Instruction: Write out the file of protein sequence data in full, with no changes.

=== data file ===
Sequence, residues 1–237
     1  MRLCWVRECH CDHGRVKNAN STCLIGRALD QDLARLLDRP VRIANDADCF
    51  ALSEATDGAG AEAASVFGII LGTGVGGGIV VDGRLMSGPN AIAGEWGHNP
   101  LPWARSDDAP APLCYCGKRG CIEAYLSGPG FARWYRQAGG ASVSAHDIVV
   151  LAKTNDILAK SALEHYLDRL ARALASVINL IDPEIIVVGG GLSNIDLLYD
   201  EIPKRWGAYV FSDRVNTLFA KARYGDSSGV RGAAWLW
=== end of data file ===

Sequence, residues 1–237
     1  MRLCWVRECH CDHGRVKNAN STCLIGRALD QDLARLLDRP VRIANDADCF
    51  ALSEATDGAG AEAASVFGII LGTGVGGGIV VDGRLMSGPN AIAGEWGHNP
   101  LPWARSDDAP APLCYCGKRG CIEAYLSGPG FARWYRQAGG ASVSAHDIVV
   151  LAKTNDILAK SALEHYLDRL ARALASVINL IDPEIIVVGG GLSNIDLLYD
   201  EIPKRWGAYV FSDRVNTLFA KARYGDSSGV RGAAWLW